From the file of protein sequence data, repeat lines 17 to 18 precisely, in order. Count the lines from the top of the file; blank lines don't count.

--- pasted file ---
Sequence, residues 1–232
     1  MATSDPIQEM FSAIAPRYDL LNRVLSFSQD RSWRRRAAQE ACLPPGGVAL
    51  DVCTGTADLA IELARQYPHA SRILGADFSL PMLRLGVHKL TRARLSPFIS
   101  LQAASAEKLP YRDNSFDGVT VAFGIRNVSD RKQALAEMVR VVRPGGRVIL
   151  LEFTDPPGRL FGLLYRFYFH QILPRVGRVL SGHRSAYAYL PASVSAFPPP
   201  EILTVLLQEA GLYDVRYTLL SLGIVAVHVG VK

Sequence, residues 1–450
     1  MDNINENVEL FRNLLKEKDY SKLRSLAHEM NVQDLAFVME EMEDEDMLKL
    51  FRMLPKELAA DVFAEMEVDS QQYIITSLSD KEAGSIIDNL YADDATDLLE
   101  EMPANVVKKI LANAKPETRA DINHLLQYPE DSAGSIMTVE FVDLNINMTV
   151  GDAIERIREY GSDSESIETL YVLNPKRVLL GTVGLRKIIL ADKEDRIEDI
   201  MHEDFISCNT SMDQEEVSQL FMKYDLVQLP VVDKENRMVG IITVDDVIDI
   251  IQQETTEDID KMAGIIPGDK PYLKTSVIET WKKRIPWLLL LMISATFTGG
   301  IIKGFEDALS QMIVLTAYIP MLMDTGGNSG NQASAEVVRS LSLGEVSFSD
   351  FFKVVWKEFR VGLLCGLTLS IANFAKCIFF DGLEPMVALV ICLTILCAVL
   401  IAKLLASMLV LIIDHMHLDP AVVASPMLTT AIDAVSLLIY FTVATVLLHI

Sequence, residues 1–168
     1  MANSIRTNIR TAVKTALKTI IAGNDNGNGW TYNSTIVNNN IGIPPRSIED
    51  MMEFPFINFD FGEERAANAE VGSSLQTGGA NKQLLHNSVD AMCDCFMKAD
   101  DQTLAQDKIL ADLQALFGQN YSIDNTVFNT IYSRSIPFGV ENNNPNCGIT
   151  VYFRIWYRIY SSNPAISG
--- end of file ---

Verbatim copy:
Sequence, residues 1–168
     1  MANSIRTNIR TAVKTALKTI IAGNDNGNGW TYNSTIVNNN IGIPPRSIED